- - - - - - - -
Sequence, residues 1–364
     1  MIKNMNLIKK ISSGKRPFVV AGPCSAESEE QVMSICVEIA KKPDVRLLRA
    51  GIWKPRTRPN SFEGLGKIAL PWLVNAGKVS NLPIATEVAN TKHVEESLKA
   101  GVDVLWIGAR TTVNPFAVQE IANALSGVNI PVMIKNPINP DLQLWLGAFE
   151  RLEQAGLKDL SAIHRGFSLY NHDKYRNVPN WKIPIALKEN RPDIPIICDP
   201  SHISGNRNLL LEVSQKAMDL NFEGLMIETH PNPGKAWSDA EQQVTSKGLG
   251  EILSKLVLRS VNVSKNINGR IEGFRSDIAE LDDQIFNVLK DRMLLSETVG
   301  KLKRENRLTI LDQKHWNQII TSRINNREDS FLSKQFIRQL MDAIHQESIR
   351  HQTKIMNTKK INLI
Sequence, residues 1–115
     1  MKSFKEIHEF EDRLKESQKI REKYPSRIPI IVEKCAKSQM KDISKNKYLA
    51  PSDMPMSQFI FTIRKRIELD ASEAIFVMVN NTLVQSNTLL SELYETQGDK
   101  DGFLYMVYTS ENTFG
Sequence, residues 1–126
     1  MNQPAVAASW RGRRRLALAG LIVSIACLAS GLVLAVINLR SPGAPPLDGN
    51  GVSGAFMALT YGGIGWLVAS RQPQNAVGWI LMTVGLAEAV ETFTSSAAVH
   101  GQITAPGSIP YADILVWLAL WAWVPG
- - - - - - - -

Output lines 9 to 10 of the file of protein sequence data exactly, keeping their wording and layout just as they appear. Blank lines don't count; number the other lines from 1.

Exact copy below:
   351  HQTKIMNTKK INLI
Sequence, residues 1–115